Washington, Aug 18 (IANS) A new survey has found an extraordinarily high level of self-confidence among Indians about being Indians.
Similar national self-belief is called 'American Exceptionalism' in the US, which appears to have been overtaken by this new 'Indian Exceptionalism', according to this survey.
The survey also found persisting distrust among Indians of the US. While a majority of Indians believe the US will come to India's aid militarily in a conflict with China and Pakistan, a large minority of them do not -- almost 4 out of 10 Indians think India will have to go it alone.
Further, the survey reaffirmed Prime Minister Narendra Modi's return to peak popularity from the beating he received for his handling of the Covid-19 pandemic and the protest by farmers.
And, finally, the survey said Indians want to amass more nuclear weapons than any and all adversary countries.
The survey was conducted in 12 languages in 28 Indian states and six of eight union territories over April-May by CVoter, a leading Indian polling agency, for The Stimson Center, a Washington D.C.-based think tank with a robust South Asia department.
The poll contacted 7,000 voters by phone.
A massive majority of Indians, 90 per cent, said they believed 'India is a better country than most other countries'.
Americans, who are widely understood to be more nationalistic than others and routinely tout American Exceptionalism, clocked in at 70 per cent in response to the same question in a survey in 2014.
'While American exceptionalism is a well-understood domain of study, self-perceptions of Indian exceptionalism are relatively under-explored,' said the writers of the survey findings released by Stimson on Wednesday.
The CVoter survey finding seems consistent with an earlier finding, conducted by a different agency, which found 80 per cent of Indian respondents strongly or somewhat agreed with the statement that India is better than most other countries. It was a global survey, and Indians came in second, behind Japan. And that was at the time of Prime Minister Manmohan Singh's government. This rising self-belief and confidence among Indians as a people has been growing, largely unnoticed at home by Indians and abroad by the rest of the world.
This self-belief extended to Indians' perception of their country's military prowess in the CVoter survey, 90 per cent, of respondents were confident India would probably or definitely defeat Pakistan. A smaller but significant portion of them, 72 per cent, felt the same level of confidence vis-a-vis China, which, according to military experts around the world, is a superior military power than India.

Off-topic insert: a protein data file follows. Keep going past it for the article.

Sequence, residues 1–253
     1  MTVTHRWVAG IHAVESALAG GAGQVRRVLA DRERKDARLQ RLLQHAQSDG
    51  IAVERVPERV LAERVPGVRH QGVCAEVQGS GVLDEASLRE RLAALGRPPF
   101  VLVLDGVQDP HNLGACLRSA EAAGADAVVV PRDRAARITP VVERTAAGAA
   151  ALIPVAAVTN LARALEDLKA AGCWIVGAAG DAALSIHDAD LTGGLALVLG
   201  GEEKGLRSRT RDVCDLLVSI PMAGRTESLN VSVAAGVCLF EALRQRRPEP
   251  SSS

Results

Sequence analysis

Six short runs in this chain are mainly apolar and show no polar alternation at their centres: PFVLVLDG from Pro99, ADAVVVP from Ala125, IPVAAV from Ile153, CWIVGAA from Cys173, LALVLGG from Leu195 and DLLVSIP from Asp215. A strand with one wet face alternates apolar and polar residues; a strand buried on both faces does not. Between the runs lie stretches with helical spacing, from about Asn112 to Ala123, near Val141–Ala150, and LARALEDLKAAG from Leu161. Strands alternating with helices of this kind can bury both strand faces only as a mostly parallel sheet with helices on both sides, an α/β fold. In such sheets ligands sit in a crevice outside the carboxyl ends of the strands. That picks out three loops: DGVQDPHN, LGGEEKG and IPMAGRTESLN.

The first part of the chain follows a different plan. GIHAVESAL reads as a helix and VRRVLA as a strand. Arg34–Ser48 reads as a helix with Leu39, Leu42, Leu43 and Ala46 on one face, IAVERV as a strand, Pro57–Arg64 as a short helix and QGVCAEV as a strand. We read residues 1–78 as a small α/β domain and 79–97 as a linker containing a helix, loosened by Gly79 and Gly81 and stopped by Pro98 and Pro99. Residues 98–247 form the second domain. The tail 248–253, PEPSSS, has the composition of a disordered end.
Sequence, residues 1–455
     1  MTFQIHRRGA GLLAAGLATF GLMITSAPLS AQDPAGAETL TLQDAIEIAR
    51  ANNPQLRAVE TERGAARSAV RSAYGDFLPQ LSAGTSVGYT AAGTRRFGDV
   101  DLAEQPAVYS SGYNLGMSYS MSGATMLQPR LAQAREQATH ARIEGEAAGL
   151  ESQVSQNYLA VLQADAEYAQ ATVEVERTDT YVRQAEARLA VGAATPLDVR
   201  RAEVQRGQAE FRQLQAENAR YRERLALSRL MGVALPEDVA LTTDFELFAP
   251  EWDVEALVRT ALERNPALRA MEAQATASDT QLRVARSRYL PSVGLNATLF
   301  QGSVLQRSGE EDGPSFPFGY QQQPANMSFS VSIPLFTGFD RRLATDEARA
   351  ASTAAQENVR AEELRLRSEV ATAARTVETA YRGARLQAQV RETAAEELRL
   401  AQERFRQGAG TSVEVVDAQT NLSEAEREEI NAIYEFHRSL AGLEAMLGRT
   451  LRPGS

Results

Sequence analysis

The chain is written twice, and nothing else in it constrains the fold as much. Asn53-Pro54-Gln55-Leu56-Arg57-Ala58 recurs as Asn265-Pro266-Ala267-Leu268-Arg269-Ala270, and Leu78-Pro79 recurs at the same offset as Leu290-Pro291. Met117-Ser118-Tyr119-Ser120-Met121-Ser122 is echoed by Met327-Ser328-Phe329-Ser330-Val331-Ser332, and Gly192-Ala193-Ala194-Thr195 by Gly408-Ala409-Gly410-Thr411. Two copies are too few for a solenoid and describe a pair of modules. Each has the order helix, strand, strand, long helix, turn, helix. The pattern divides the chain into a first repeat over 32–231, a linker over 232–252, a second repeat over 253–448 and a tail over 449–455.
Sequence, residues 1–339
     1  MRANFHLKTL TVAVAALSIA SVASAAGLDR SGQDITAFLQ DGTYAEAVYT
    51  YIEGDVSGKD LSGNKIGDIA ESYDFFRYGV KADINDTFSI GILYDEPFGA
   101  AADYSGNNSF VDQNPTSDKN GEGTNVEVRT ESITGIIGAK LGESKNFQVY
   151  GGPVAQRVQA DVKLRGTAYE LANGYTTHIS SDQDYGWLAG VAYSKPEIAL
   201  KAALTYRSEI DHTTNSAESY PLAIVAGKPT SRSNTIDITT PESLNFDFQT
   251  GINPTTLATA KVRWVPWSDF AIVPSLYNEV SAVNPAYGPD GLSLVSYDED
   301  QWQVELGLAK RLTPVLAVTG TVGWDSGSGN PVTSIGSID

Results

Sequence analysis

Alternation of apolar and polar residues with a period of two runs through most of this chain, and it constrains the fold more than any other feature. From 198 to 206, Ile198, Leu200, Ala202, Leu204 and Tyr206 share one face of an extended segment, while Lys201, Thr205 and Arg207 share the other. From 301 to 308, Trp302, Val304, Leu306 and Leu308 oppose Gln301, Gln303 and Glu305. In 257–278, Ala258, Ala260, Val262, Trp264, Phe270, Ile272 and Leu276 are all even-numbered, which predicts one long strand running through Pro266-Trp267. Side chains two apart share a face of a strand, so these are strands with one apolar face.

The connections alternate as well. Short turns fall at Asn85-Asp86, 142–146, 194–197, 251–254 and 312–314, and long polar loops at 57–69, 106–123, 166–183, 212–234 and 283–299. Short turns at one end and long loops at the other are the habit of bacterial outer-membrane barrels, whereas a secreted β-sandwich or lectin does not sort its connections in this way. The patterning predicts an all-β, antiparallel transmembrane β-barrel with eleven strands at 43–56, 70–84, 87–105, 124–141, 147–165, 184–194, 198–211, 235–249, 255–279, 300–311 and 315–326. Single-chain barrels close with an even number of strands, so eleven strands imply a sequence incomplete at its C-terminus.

Asked if the US would come to Indiaa¿s help militarily in the latter's conflicts with these two countries, 56 per cent of respondents said its would be 'definitely' or 'probably' for China and 59 per cent for China. The survey noted that 'a remaining large minority skeptical of US aid in such scenarios'.
The US did indeed come to India's aid in the two conflicts with China, 1962 and 2020. But, as the survey noted, US contribution remained publicly unacknowledged by the Indian government, then (Congress government led by Prime Minister Jawaharlal Nehru and BJP government now led by Prime Minister Modi). A former White House official felt compelled by the resounding lack of public expression of gratitude for US help in 2020 to put it on record at an annual security conference in New Delhi.
The survey also found that Modi's popularity had rebounded from the mauling it received for his handling of the Covid-19 pandemic and the protest by farmers, with 71 per cent of respondents supporting him strongly or somewhat.
The Prime Minister's rebounding popularity, and that of the ruling BJP, was found worrying by the writers of the CVoter-Stimson survey report.
They wrote: 'Worryingly, supporters of Modi or the BJP were more likely to express discriminatory attitudes toward Muslims, such as stating they did not want to have a Muslim as a neighbour or that they believed India's Muslim population was growing too fast. It is worth stating, however, that among all non-Muslim respondents, including both Modi supporters and sceptics, such discriminatory attitudes were widespread.'
Even more worrying perhaps was the survey's finding that non-Modi supporters harbored similar antipathy for Muslims. 'It is worth stating, however, that among all non-Muslim respondents, including both Modi supporters and sceptics, such discriminatory attitudes were widespread. An overwhelming majority of 78 per cent of respondents stated that they believed India's Muslim population was growing too fast.'
And finally, the survey found that Indians supported ramping up the country's nuclear arsenal to a level higher than all adversary countries.
Asked how many nuclear weapons India needed, respondents said: 'An overwhelming majority, 68 per cent, assessed India needed more than its enemies. Just 13 per cent said India should have about as many nuclear weapons as its enemies, and only a handful assessed that India should only have 'a few' or 'not any' nuclear weapons.'
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